We also have the Legendary Fighter; but we’re into a new chapter now. Waa! Game balance! I can hear people moaning now. Shush. Sssh. Game balance is entirely subjective. So, once again shush and let me offer my diatribe. If I’m running an epic level romp where my characters are tricking dragons, saving worlds and working with gods (hardly unheard of in D&D games!) then this chapter is just what I wanted. In fact this chapter specifically looks at that epic level and some of these classes are just the thing to router the PC from sub-20 to epic level. There are rule clarifications here to make the epic transition as easy as possible. Whereas the Career Paths assume the fighter as some experience, the Legendary Fighter assumes the character as lots of experience and presents a selection of high powered prestige classes.
On my first pass through the book I started to flick through the Superior Tools chapter but didn’t get very far before I found something interesting and stopped to read more closely. Then I found something else interesting which I stopped to read closely. Then I found another interesting bit of equipment. Okay, okay, I think The Quintessential Fighter II gets a lucky run here. There are some flashy items which might have come from fantasy artwork or Holywood movies like wrist crossbows or whip-swords that I can see in my game and which are statted here. It turns out that I rather enjoyed this chapter despite my initial concerns that it was going to be a case of more of the same with the previous Quintessential Fighter. I’ll judge the other Advanced Tactics books as required but I’m pretty sure this chapter is going to be hard to keep fresh. There’s a fair whack of magical equipment and weapons here which work with the fighter/mage sections elsewhere in the Quintessential Fighter II and which the first book couldn’t touch.
The Magical Fighter is a whole chapter dedicated to mixing the Fighter class with the various spellcasting options in d20. Hmm. This is going to be tricky to justify; if you’re buying The Quintessential Fighter II then I think you’re already good at this sort of thing. There are some new mechanics which start towards this difficult destination and they begin with some magical fighter type feats which require, at least, a limited knowledge of spell casting. But there’s not much else. I don’t think this quite qualifies as a chapter but I do like the feats. Tricky.
Tricks of the Trade is more or less a chapter of feats to although it begins with sub-feat moves which most fighters should be able to pull off. This is another chapter that needs to prove it’s not more of the same. It’s something “more” but not “the same”. In the advanced section we have trees of impressive and popular (blind fighting) feats as well as special emphasis on typical fantasy danger situations – against massive foes, for example.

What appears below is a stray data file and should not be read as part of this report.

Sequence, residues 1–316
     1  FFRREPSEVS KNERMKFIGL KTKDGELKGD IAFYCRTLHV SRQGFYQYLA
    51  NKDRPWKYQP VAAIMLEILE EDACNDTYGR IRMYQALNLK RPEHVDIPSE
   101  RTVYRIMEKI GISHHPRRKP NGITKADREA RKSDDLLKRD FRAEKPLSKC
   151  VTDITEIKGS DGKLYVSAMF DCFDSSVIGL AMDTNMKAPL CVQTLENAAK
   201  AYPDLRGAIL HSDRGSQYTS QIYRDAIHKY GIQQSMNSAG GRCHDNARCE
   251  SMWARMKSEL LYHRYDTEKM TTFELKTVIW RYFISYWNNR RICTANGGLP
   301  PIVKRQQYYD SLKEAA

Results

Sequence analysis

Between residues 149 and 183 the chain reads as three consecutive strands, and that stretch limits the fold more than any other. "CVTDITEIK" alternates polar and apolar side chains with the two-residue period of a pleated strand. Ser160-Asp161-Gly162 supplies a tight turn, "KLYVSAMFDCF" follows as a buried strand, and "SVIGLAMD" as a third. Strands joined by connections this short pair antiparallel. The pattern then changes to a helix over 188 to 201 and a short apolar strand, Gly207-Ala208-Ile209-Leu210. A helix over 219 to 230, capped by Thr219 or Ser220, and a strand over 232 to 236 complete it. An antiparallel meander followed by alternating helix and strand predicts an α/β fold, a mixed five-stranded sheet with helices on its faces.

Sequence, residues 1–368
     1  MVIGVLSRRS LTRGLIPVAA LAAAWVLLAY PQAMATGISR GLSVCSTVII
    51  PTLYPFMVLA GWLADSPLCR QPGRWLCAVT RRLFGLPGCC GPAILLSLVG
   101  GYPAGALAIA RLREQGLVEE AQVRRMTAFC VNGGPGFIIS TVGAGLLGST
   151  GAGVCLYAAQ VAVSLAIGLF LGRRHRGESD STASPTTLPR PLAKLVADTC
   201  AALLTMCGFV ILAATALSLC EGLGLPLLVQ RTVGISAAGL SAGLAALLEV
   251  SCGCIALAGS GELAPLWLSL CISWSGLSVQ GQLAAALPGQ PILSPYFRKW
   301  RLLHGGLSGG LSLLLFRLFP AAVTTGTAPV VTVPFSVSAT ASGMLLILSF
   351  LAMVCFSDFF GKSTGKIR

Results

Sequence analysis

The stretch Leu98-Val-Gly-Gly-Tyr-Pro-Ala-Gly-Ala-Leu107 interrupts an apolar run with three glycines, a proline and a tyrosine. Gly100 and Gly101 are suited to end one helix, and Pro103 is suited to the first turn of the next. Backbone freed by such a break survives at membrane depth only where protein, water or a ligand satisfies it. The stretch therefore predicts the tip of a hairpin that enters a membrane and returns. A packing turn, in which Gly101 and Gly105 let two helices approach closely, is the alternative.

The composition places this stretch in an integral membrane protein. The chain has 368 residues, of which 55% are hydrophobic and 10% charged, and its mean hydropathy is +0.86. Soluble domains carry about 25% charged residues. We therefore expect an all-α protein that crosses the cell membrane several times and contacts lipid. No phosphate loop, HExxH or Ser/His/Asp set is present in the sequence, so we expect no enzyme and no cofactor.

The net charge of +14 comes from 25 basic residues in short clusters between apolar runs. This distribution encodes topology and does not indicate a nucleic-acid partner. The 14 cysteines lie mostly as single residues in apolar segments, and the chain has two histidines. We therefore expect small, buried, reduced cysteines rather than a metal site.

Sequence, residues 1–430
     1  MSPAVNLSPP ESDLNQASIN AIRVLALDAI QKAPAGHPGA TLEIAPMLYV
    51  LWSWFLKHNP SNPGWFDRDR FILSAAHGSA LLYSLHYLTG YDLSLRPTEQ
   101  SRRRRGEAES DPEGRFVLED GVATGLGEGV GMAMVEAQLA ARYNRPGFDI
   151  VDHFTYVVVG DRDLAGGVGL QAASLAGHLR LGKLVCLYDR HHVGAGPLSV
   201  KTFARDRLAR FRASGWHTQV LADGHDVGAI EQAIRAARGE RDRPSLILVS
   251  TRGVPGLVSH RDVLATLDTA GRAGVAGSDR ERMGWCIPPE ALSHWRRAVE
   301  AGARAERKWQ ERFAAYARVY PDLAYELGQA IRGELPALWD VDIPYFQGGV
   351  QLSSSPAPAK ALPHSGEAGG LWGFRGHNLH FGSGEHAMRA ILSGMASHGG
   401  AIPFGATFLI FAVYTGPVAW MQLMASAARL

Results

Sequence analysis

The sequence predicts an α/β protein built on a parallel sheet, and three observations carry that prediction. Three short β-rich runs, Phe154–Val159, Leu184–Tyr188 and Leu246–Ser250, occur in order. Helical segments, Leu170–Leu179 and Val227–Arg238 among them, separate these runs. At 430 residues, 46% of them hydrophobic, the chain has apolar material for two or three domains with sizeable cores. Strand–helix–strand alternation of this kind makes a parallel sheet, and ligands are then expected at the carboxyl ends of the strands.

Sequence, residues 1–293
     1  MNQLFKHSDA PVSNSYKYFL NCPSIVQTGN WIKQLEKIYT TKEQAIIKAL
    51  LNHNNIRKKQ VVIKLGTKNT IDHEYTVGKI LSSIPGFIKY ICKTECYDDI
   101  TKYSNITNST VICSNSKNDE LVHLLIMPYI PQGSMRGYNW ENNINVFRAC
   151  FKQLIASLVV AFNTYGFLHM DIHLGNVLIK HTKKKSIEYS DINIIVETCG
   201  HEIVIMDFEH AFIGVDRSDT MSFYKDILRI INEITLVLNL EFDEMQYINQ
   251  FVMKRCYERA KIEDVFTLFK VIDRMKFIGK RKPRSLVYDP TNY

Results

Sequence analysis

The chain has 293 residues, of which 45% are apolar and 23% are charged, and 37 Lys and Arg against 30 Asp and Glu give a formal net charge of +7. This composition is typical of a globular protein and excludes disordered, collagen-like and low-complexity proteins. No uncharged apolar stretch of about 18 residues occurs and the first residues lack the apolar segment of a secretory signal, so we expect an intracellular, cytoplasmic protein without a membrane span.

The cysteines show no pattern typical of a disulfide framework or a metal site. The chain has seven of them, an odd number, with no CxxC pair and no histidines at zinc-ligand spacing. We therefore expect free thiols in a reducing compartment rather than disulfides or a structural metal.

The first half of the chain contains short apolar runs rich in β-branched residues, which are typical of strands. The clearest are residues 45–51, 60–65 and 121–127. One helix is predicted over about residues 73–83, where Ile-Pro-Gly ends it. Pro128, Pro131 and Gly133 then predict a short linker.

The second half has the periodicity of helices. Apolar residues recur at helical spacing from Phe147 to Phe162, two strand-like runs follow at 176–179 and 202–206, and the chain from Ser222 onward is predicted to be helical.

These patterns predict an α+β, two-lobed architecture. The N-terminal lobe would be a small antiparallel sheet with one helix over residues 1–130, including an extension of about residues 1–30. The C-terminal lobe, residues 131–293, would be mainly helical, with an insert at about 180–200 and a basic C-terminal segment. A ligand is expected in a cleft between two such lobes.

Don’t dismiss the Special Techniques as a similar chapter. It isn’t. Here the player gets to design special moves, trading advantages with disadvantages. This is easy enough and the system works well – design a move that does more damage than usual but must be carried out with a pole arm. I can’t quite visualise the example given in the chapter but I’ve come up with plenty special moves of my own and think you could even use these rules to create fantasy pseudo-martial arts. Pretty neat.
Just before we hit the designer’s notes, which I always like, we have to go through the Survival Tactics chapter and my least favourite offering here. It’s too much like a thinly disguised new uses for old skills section and I fear spends too much time offering up old discoveries and known truths. This probably isn’t the fault of the book as such, we stick with valid observations it’s just that I think the average reader won’t need any of it.
I was quite prepared to be super harsh on the Quintessential Fighter II. I’m all for coming down hard on the d20 milkers market these days. The thing is; the Quintessential Fighter II has a niche all to itself just by being a sequel. The book clearly is for players who really do enjoy their fighter class, who are used to fairly advanced fighters and are looking for something a little different to do with them. In that regard the Quintessential Fighter II does well. It is a book which experienced Fighter players can use. If you’re at all tempted by a “Quintessential Fighter II” then it’s unlikely you’ll be disappointed by The Quintessential Fighter II. The only catch is, I wonder how good an “uber” Quintessential Fighter with the best of both books in and the weakest sections taken out would have been.